In its recent decision in TransUnion v. Ramirez, the Supreme Court clarified the mere risk of future injury can not support standing without a separate concrete harm. This will have far reaching repercussions in data breach and privacy litigation.
As I have discussed several times, there has been a glaring conflict among federal circuits concerning what is or is not standing in the data breach, virtual world.
Article III of the U.S. Constitution requires that a plaintiff suffers an injury in fact that is concrete and which the law recognizes, to maintain an action. Article III has been interpreted to require a plaintiff to have personally:
Suffered some actual or threatened injury.
That can fairly be traced to the challenged action of the defendant.
That is likely to be redressed by a favorable decision.
Without meeting these three requirements, a plaintiff has no standing and can not bring a lawsuit.
But like many legal concepts, standing gets murky in the virtual world. For example, if the data maintained by a business is stolen but not used by the bad guys, has there been any actual harm? What does it mean for harm to be threatened in this context?
Federal courts have struggled with these issues with inconsistent results. The District of Columbia, Sixth, Seventh, and Ninth Circuits have held that a defendant’s failure to properly secure a plaintiffs’ data that subjected the plaintiff to a risk of identity theft without more was sufficient to support standing. However, the Second, Third, Fourth, and Eighth Circuits require a data privacy plaintiff to allege additional facts that would “push the threatened injury of future identity theft beyond the speculative to the sufficiently imminent.”
Standing could be supplied by a statutory violation and penalty as long as this close relationship between the actual harm and the statutory violation was present. Whatever that meant.
And as I have discussed before, the Supreme Court muddied the waters a few years ago in its decision in Spokeo v. Robins. The critical issue there was whether Article III standing could be conferred when a plaintiff suffers no injury but instead seeks only to recover statutorily imposed penalties. The Court held an intangible or threatened harm could itself satisfy Article III standing if there was a “close relationship” to actual harm. Thus, standing could be supplied by a statutory violation and penalty as long as this close relationship between the actual harm and the statutory violation was present. Whatever that meant.
How this harm and relationship must be pled and established was open to interpretation. SCOTUS didn’t say what was needed other than by noting, for example, that an incorrect zip code which could constitute a violation of the Fair Credit Reporting Act, would not supply standing because there would not be a sufficient tie to actual harm.
TransUnion v. Ramirez
But last week, in TransUnion LLC v. Ramirez, SCOTUS clarified what standing in the virtual world means. By a 5-4 majority, the Court held that a statute providing a private cause of action and a statutory penalty for a violation does not confer Article III standing unless the plaintiff alleges concrete, imminent harm besides the statutory damages.
TransUnion marketed a product that purportedly would compare consumer’s first and last names (and nothing more) with names on a government list of possible terrorists and other criminals. If a consumer applying for credit shared a first and last name with a suspected terrorist, drug trafficker, or other serious criminal applied for credit, TransUnion would identify the person as a “potential match.”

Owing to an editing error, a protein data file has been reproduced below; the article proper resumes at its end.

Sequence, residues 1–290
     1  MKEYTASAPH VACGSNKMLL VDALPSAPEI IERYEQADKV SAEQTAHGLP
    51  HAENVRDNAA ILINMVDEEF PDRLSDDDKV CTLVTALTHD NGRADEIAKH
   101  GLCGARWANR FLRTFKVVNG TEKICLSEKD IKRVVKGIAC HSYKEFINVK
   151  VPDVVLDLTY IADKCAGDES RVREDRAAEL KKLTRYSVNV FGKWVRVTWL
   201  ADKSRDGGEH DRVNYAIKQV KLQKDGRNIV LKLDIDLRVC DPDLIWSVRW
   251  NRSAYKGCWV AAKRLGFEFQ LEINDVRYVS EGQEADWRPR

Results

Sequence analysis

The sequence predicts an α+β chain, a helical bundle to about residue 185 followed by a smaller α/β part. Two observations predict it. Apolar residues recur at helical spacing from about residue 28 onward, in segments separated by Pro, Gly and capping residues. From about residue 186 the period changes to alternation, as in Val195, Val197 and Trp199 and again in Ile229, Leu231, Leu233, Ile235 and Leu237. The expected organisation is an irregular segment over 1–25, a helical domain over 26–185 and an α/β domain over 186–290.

The problem, of course, was that the list generated lots of false positives, which in hindsight should have been self evident to TransUnion.
The lead plaintiff brought a class action lawsuit under the Fair Credit Reporting Act. The putative class consisted of 1,853 people for whom TransUnion had provided misleading credit reports to third parties. The putative class also consisted of 6,332 other individuals. TransUnion had notified these individuals about the issues that could arise under the product. But it did not reveal the matches with the government database to any third parties. The question before the Court was whether either group had standing.
SCOTUS held that the 1,853 class members for whom TransUnion actually provided misleading credit reports did. This was because the “injury” of having misleading credit reports out in the world bore a “close relationship” to reputational harm that is typically recognized as actual.
The mere risk of future injury from the credit report could not support standing without a separate concrete harm.
But the other 6,332 class members about whom no credit reports were givien to anyone else had not, held SCOTUS, demonstrated a concrete injury. The reason—and this is why the case has far-reaching ramifications— was because the misleading information had not been published anywhere. Without publication, the Court held, there was no harm, no foul. No standing. In other words, the mere risk of future injury from the credit report could not support standing without a separate concrete harm.
This last concept should resolve the split among circuits in a variety of data breach and privacy contexts. In most cases, it is the issue of threatened and potential harm that is the most vexing. The bad guys steal the data but don’t immediately do anything with it. Pre TransUnion, in some circuits, plaintiffs had standing. In others, they didn’t. Now, the mere taking of data and private information does not give rise to standing. To have redress, you have to wait until your data is used for nefarious purposes.
To say the least, TransUnion will have a chilling effect on data breach, privacy, and class action litigation.
Photo by Claire Anderson on Unsplash
Photo by Jonathan Cooper on Unsplash